Kylie had always been an anxious child. She didn’t like to be separated from her mother, Sidney. As a three-year-old, she developed a sort of vocal tic, a persistent cough, after a bout with walking pneumonia. Soon there were other compulsive behaviors, like asking repetitive questions.
In pre-K, Kylie threw up after eating canned peaches, and from then on became increasingly fearful of vomiting or being around vomit. “It was very insidious,” says Sidney, who has a master’s degree in special education. “I think her mind was working and taking these little baby steps down this path of fear almost.”
One night, Kylie told her mother she wasn’t going to wear her pajama top to bed. Soon, she was refusing to wear any pajamas, and she slept on top of the covers. Then she dragged a comforter into her closet and slept on that. Next came the pillow, which she used to prop herself up into a sitting position while she slept. She was five years old.
Kylie’s parents tried reassuring her. They tried using rewards. If they attempted to march her over to the bed, Kylie panicked. “Kicking, screaming, punching,” says Sidney. “It was like, imagine if you’re going to be murdered imminently and you knew that.”
Kylie’s problem is called emetophobia, or the severe fear of vomiting or seeing others vomit, and it’s surprisingly common among both children and adults.
How the fear develops
Of the 1,500 or so children he has treated in his career, Dr. Jerry Bubrick, a clinical psychologist at the Child Mind Institute who specializes in anxiety, estimates that 10 to 20% have presented with emetophobic symptoms. Like Kylie, many of his patients already have an “anxious temperament” before they start showing signs of the disorder, which might be triggered by seeing other kids at school or on the bus vomit, or vomiting themselves.
“They start to associate cues in the environment that they remember with vomiting,” he says, “and then start to become fearful with those cues.” Bit by bit, they begin avoiding places and things they associate with throwing up, even refusing to say or write the word “vomit.” They become strict in their dietary habits, eschewing anything they’re not familiar with or fear could make them sick, compulsively checking expiration dates on food items. In some cases, malnutrition becomes an issue.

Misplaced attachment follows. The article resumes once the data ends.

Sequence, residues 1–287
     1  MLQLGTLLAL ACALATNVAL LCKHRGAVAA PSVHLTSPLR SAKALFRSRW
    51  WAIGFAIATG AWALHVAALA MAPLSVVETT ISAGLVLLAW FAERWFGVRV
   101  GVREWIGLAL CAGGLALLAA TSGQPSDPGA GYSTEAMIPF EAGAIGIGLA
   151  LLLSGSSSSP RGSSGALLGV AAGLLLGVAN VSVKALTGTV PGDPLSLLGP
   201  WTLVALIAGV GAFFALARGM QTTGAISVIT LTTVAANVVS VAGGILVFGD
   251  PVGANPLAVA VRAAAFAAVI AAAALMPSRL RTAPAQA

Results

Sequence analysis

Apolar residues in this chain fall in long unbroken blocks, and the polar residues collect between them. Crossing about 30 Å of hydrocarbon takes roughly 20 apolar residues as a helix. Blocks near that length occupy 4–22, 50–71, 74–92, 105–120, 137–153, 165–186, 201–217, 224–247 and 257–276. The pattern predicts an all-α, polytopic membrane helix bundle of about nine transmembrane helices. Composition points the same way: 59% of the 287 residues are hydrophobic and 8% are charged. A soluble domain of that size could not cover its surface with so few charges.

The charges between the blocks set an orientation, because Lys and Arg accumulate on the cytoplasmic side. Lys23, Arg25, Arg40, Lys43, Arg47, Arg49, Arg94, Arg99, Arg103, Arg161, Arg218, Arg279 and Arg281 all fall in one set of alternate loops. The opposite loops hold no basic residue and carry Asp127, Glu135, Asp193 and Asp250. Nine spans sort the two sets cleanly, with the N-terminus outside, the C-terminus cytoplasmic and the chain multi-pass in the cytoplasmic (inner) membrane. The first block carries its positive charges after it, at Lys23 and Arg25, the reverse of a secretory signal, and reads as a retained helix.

The fear escalates
One of Dr. Bubrick’s recent patients, for instance, a young girl already living with anxiety, contracted food poisoning on Thanksgiving. Over the following days and weeks, she grew increasingly fearful of anything associated with Thanksgiving food—avoiding not only the leftovers, but any food linked to the holiday. Soon she was refusing to wear the clothes she’d had on the day she got sick and wouldn’t even walk into the rooms she’d been in immediately prior to and after vomiting.
Some children, says Dr. Bubrick, can’t articulate their fear, leaving parents to guess at, and, unfortunately, underestimate the phobia’s grip on their child. “Normally, like all phobias,” says Dr. Bubrick, “it starts out kind of small, and it builds, and builds and builds. But when it’s kind of small, parents are like, ‘Well, it’s not that big of a deal. She’ll grow out of it. She’ll come around.’ But then, over time, it just gets to the point where parents are like, ‘This is crazy. We can’t live like this anymore.'”
Before the breaking point, however, parents do what comes instinctively—they comfort and reassure their children. Doing so only prolongs the problem. Dr. Bubrick likens it to scratching a bug bite. “When you get bitten by a mosquito,” he says, “it itches, and it’ll make you feel better the moment you’ll scratch. But as soon as you stop scratching, the itching gets worse. The very thing you’re doing in the moment to make it better, in the long term makes it worse.” When children avoid things that trigger their fears, or seek reassurance to calm their anxiety, it only strengthens the phobia.
Fears are often dismissed